What would you save from the fire?
Legal & General are currently running a campaign to help reduce the risk of a potential fire in the home. And as part of their awareness-raising programme they've asked me to write a blog post explaining what I'd save from my home in the event of a fire and why.
It's more difficult to do than you'd think. Assuming the family is all out safely, what single inanimate object do you choose? Something significant, relevant, important, valuable and irreplaceable, obviously. But that doesn't really narrow down the options greatly. So, while I'm thinking, have a look at the Legal & General tips on how to protect your home.
That list makes interesting reading, not least the need to ensure electrical appliances are all unplugged when you go away (are you reading, granny?) and that sockets aren't overloaded. Smoking in bed isn't really an issue with a young family (!) so my action plan based on these tips is to organise an escape plan and to make sure the candles we sometimes light are always extinguished (which isn't usually a problem when they're on a birthday cake).
So, what would I save if I had the chance as well as the unfortunate need to do so? Well, having just sorted a whole load of old bits and bobs into folders, I think it'd be something like this:
I've got a great stack of old concert programmes for events I've taken part in ranging from BBC Proms to local choral society concerts. But I came across this, the other day, from my schooldays and was amazed by it on about every possible level.
First, the date of the concert itself. The programme says it took place in 1978 which is clearly a mistake as I can't be that old.
But there's more. Just look at this orchestra:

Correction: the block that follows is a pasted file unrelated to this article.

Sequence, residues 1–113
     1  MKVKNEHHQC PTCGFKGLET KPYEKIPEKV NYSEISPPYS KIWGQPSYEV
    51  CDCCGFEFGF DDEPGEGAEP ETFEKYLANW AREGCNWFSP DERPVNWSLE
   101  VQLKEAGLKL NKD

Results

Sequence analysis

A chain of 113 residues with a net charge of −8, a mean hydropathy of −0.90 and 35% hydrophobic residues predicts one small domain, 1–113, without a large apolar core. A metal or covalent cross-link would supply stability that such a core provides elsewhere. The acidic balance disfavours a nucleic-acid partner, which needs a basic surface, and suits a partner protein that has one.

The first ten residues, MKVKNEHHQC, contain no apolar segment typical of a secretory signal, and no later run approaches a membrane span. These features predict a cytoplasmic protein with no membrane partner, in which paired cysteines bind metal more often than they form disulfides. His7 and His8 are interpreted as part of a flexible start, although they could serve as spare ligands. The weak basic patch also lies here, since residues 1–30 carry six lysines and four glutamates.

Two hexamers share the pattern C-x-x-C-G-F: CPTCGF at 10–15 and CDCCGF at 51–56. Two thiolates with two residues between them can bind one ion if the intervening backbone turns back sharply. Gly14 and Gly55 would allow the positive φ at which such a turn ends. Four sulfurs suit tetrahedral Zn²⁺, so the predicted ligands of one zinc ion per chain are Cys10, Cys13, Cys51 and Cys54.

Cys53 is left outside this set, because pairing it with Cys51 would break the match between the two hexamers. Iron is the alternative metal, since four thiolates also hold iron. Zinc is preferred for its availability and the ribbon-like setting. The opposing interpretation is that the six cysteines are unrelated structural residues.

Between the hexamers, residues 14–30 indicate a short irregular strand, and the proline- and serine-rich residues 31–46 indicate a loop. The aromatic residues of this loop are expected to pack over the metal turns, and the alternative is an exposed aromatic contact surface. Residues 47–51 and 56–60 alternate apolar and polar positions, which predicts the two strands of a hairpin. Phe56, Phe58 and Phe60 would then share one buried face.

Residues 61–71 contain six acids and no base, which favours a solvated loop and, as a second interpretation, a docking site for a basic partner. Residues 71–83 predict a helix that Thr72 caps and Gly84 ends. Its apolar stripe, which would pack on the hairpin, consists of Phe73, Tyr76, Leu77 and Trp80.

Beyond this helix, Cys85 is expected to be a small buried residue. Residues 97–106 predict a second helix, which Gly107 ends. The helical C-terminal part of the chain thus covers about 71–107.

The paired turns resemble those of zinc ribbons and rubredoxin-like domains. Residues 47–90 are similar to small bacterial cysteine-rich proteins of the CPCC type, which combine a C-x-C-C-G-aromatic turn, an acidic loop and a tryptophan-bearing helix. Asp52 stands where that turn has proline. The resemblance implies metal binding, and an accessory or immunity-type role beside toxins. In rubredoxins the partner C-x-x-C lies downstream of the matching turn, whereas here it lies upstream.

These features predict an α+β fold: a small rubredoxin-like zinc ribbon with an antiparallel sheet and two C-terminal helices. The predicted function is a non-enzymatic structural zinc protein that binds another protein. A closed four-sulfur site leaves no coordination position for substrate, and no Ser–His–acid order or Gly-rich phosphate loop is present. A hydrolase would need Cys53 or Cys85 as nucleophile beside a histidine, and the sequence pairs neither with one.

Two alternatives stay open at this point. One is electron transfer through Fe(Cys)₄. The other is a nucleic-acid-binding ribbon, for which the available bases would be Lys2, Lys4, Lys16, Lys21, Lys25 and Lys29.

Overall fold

And that's just page one!
Although yours truly was the only double bass player listed there were 14 violins, 3 violas, 11 cellos, 6 flutes, 4 oboes, 6 clarinets, one bassoon, 5 trumpets, 3 each of Eb flat horn and euphonium and 3 percussionists. And all in a comprehensive school orchestra!
Not only does this programme for what must have been one of my earliest school productions deserve preservation for that reason alone, I think it has a wider social significance. It proves there was a time (not so very long ago) when an ordinary boy could go to the local school in a moderately-sized northern city (Wakefield, in this case) and have the opportunity to make music on an orchestral scale - and for such a thing not to be unusual.
If only those wonderful opportunities themselves were so easily preserved!
Disclaimer: Legal and General said if I wrote this post they'd offer me a 'a gift (up to £70) related to the item you would save from the fire!' Well, as is my policy, I agreed to do it not for the gift or the money but because I believe in it. Even so, I'm fascinated to learn what Legal and General will choose by way of a reward. A double bass, perhaps? A return to old-days school music provision? Watch this space!